Saddam's Niger Point-man Speaks

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Wissam al-Zahawie stopped in his tracks when he heard President Bush's State of the Union speech last January. Iraq, the President announced, had attempted to purchase "yellowcake" — milled uranium oxide, the building block of nuclear-reactor fuel — from an African country. And for a country that had no nuclear energy program and a track record of seeking weapons of mass destruction, such a claim could mean only one thing: that Saddam Hussein had revived his clandestine nuclear weapons program. In the buildup to the war, that sounded like a smoking gun. If only it were true.

For al-Zahawie, who had been Iraq's ambassador to the Vatican until 2000, President Bush's statement suggested an unlikely coincidence. The Iraq diplomat had, in 1999, visited Niger — a large-scale producer of yellowcake — during an unsuccessful tour to persuade African leaders to break the UN embargo and visit Iraq. "Could it be the same trip?" he wondered. But he tried to let it pass. After all, he had been in the Foreign Service since 1955, since the days of the monarchy, had no affiliation to any political movement and was generally respected in the diplomatic community. But al-Zahawie soon found himself at the center of the yellowcake scandal, mentioned in intelligence memos and in newspapers first by his job title, and eventually by name. Britain's September 2002 dossier on Iraq's weapons, cited by Bush in his address, linked al-Zahawie to Baghdad's alleged effort to import yellowcake. And the circumstantial evidence of his trip appeared to lend credence to the claim.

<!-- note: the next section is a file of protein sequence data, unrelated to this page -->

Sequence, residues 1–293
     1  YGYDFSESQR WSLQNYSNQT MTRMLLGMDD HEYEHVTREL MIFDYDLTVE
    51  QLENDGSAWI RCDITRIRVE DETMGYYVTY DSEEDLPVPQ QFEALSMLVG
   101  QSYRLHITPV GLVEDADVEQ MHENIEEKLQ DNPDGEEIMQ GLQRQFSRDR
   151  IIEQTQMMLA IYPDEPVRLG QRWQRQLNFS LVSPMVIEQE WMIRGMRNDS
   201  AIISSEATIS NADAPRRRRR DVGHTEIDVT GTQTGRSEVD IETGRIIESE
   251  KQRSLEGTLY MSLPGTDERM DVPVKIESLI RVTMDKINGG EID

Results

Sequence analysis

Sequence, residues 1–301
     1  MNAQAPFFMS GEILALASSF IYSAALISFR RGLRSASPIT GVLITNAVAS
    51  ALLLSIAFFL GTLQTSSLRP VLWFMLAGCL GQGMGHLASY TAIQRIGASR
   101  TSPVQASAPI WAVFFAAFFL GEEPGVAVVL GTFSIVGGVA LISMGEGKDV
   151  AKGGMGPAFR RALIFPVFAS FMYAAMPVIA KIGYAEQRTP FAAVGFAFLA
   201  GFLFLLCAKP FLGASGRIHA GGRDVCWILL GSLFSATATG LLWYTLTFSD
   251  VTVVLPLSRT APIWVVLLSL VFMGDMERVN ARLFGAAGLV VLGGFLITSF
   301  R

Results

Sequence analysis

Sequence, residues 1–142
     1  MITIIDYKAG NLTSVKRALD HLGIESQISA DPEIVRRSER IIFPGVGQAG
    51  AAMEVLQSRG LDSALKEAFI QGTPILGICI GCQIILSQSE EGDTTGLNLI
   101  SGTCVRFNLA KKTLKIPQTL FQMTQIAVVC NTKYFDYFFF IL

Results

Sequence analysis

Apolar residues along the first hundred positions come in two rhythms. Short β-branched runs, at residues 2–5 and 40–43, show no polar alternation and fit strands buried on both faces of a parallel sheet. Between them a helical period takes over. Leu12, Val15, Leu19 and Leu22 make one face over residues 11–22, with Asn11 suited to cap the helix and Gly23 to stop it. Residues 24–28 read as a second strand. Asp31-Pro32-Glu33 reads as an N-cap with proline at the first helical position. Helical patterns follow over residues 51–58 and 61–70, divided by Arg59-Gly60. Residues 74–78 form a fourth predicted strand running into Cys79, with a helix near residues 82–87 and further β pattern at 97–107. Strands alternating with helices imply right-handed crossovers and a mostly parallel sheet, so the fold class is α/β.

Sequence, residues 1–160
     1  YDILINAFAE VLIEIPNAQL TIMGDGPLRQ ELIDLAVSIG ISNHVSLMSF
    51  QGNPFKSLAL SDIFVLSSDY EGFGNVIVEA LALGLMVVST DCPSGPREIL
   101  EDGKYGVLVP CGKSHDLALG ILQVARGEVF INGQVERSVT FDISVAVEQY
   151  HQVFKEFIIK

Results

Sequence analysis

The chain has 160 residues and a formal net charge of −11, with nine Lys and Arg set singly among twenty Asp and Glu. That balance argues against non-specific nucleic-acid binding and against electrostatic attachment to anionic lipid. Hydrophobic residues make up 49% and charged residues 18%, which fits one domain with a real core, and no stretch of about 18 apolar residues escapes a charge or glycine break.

The veteran diplomat has spent the eight months since President Bush's speech trying to set the record straight and clear his name. In a rare interview with Time, al-Zahawie outlined how forgery and circumstantial evidence was used to talk up Iraq's nuclear weapons threat, and leave him holding the smoking gun.

He had been sent to Niger — as well as Benin, Burkina-Faso and Congo-Brazzaville — he explains, as part of an effort to convince African heads of state to visit Iraq. Such visits would break the embargo on flights to the country, and Baghdad hoped this would undermine the UN sanctions regime. The inspiration for the project, al-Zahawie suspects, had been recent visits by African leaders to Libyan leader Muammar Ghadafi, which had broken the embargo on flights to that country.

"I took it to be a routine assignment," al-Zahawie notes. "I had done this sort of thing before, and I was senior in the foreign ministry." Plus, it was easier for al-Zahawie to do it from Rome than for any diplomat to come out of Baghdad.

Niger had been his first stop, where he spent an hour speaking with then President Ibrahim Bare Mainassara. Mainassara greeted al-Zahawie warmly, and turned out to be the only leader on his itinerary to accept Baghdad's invitation, promising to visit Saddam in April. The next day, al-Zahawie left to continue his trip, and was back at the Holy See in a matter of days.